Beyond the material realm, India also possesses enviable major soft power repositories in the form of Bollywood, Indian cuisine, cricket, and its claims as the birthplace of yoga (to name but a few). As an increasingly recognized global brand, this again places the country in the upper echelons of world power that is potentially akin in the longer run to the US and China. More negatively, however, all the factors affecting the country’s economy, territory, and population also serve to regularly debase these positives by questioning India as an aspirational global role model.
Although situated very highly across a number of key factors associated with being a great power, India continues to appear to be punching under its weight, and looking like a great power but not acting as one. Thus, economically, the country is not yet a major pivot upon which the world relies, currently ranking as only the world’s nineteenth largest exporter and eleventh highest importer. Militarily, and not withstanding consistently its high contributions to United Nations peacekeeping operations (usually the world’s third or fourth highest), it lacks the ability or volition to project this power in the interests of international security and is hamstrung by domestic security concerns. On both these measures, India cannot yet convert these strengths into significant diplomatic tools.
Flowing from these observations, and more broadly, although India’s importance as a rising power is accepted by other leading powers, its actual great power status is not sufficiently believed. With peer recognition being critical to countries becoming great powers, this perception appears to be surmounting India’s clear material capabilities and potential. It is also outweighing the strong domestic—and evermore nationalist-fueled—belief that India is a country of great power standing. Not having a permanent veto seat on the United Nations Security Council appears to be the best example in this regard, whereby India’s latent strength is not yet formally consecrated by others.
More pragmatic voices in India maintain that it is just a matter of time before this perceptual gulf is overcome, and that observers possibly expect too much from an India that is still a developing country. Others note that perhaps the measurement of great power itself is outdated and that very large countries in (unsettled) neighborhoods such as India can or will never be as outward looking and proactive as other great powers have historically been, such as the US, Russia, or Great Britain.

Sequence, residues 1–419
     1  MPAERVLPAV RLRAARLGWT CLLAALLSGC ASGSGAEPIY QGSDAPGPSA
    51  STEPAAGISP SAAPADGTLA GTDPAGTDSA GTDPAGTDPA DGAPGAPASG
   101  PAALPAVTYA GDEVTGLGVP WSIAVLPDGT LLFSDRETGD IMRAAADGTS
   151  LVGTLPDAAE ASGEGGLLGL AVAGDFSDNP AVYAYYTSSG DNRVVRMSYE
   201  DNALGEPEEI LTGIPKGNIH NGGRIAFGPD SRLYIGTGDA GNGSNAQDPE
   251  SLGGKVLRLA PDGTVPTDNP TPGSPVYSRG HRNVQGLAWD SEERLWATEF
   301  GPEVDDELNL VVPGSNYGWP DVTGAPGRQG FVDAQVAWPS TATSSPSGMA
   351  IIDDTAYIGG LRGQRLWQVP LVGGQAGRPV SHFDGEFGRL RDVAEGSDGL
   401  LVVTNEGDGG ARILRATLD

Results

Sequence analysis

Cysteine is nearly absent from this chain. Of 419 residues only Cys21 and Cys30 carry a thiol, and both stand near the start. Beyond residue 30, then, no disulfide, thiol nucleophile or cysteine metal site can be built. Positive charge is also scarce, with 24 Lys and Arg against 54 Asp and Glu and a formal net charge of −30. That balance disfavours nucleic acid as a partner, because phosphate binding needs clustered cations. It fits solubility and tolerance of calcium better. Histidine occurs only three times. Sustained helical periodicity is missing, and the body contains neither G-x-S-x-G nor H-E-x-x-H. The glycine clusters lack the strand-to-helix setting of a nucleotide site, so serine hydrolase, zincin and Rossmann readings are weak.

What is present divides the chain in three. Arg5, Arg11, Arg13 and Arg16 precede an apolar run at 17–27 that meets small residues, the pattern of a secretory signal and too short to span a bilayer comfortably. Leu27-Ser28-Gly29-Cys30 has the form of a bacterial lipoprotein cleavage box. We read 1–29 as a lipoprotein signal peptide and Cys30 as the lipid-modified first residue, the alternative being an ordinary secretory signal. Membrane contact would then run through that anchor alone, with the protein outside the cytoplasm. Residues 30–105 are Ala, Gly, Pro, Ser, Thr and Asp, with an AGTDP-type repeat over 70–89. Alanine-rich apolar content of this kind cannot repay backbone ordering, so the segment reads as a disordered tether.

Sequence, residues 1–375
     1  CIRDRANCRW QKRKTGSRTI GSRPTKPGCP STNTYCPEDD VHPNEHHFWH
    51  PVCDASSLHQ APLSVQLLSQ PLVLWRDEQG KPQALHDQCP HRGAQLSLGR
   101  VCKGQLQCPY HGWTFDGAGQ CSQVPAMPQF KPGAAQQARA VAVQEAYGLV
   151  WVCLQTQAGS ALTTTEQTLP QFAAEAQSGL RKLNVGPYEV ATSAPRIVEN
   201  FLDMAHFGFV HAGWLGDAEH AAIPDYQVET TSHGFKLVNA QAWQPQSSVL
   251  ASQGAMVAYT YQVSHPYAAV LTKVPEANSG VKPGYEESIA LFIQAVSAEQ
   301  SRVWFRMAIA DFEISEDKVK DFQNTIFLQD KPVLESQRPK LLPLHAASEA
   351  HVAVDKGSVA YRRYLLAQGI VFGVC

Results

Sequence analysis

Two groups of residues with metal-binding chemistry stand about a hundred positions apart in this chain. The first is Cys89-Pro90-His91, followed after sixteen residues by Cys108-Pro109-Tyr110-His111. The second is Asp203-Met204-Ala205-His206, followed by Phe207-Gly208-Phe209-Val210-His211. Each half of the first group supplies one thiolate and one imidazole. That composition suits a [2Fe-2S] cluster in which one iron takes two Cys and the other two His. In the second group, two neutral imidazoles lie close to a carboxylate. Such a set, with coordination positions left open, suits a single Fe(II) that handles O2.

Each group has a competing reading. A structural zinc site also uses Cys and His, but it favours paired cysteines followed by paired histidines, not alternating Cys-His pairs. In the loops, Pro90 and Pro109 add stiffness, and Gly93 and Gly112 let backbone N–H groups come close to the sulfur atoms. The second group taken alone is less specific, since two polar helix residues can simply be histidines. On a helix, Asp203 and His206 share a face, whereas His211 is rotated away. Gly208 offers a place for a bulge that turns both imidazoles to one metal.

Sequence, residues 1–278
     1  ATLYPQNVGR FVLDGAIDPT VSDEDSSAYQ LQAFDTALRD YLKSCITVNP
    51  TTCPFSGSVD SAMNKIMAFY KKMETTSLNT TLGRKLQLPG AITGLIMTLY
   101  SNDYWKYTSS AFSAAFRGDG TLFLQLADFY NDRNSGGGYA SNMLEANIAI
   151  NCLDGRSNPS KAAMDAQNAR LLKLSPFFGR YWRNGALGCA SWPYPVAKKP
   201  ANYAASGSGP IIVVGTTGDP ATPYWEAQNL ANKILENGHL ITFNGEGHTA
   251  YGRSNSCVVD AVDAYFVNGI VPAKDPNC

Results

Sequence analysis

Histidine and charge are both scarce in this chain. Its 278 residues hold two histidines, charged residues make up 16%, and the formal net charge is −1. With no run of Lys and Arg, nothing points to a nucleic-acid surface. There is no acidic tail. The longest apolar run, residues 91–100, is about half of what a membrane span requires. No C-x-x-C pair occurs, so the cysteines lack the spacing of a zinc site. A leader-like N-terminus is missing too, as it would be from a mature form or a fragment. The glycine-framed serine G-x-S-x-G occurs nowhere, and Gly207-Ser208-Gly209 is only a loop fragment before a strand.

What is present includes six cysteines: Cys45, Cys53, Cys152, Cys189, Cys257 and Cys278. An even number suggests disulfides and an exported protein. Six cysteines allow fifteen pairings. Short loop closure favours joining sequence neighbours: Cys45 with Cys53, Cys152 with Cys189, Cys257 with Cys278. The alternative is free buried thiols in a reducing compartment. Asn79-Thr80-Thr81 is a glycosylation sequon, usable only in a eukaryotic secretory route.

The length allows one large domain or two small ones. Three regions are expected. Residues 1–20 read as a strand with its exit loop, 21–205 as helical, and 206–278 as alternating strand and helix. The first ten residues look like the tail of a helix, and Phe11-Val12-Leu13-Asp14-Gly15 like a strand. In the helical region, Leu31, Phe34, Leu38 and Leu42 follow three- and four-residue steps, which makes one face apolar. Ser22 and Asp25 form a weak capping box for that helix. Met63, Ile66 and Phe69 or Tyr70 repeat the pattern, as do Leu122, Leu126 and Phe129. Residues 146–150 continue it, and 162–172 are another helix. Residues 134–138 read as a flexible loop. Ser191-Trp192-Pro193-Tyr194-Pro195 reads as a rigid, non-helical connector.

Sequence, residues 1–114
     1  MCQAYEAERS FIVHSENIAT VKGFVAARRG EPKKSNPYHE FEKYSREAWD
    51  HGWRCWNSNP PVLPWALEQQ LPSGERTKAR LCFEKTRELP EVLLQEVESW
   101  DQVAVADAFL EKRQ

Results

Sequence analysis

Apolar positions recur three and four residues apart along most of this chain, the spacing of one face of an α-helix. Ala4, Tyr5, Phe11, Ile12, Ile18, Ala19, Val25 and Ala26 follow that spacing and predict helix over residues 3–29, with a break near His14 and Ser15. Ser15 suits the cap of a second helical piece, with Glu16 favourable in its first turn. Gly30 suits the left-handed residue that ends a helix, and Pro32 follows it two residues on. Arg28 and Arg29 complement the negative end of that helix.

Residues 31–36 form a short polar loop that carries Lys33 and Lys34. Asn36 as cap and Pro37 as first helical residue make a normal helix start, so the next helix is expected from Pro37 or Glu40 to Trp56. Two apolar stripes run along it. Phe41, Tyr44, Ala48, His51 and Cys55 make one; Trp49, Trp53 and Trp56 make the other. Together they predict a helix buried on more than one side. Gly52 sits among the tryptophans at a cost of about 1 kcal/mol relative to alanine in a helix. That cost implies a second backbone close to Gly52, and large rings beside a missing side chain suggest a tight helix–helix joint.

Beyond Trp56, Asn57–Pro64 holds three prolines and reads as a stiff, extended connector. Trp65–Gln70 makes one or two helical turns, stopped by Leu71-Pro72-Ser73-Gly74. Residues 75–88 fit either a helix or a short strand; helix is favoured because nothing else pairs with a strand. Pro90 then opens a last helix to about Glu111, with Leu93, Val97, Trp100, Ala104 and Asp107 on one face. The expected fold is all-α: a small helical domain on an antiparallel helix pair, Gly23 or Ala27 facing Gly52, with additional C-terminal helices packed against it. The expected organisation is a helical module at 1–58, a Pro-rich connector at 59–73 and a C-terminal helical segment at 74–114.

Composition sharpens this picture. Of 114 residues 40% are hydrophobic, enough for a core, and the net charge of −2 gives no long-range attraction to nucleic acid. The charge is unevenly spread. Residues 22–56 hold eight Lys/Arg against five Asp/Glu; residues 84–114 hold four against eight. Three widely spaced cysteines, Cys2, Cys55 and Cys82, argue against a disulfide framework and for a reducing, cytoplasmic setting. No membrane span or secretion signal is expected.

China provides a clear example for India. Even though it has faced—and continues to face—many similar issues (a transitioning economy, territorial problems in Xinjiang and Tibet, and major internal security issues), China has been able to sufficiently overcome them to now occupy a critical place in the strategic thinking of others. It is also a very large country in an—at times—unstable neighborhood, with a highly nationalistic set of leaders. A key divergence does however occur politically, with China’s authoritarian one-party state giving the leaders of the Chinese Communist Party a clear advantage over democratic India in terms of quickly enacting and ensuring major policy changes. That stated, this difference does not much alter their mutual trajectories but is more crucial in terms of their rate of acceleration towards becoming great powers, with India appearing to be decades behind China.
Regardless, as India’s largely benign rise continues, perhaps greater domestic patience and greater international accommodation are needed in order to better appreciate the challenges and issues that will mark it out as a twenty-first century great power. Facing the challenges that it does, such political space and accommodation will be to both India’s and the wider system’s advantage.
Chris Ogden is a Senior Lecturer / Associate Professor in Asian Security at the School of International Affairs, University of St. Andrews.
India in Transition (IiT) is published by the Center for the Advanced Study of India (CASI) of the University of Pennsylvania. All viewpoints, positions, and conclusions expressed in IiT are solely those of the author(s) and not specifically those of CASI.
© 2019 Center for the Advanced Study of India and the Trustees of the University of Pennsylvania. All rights reserved.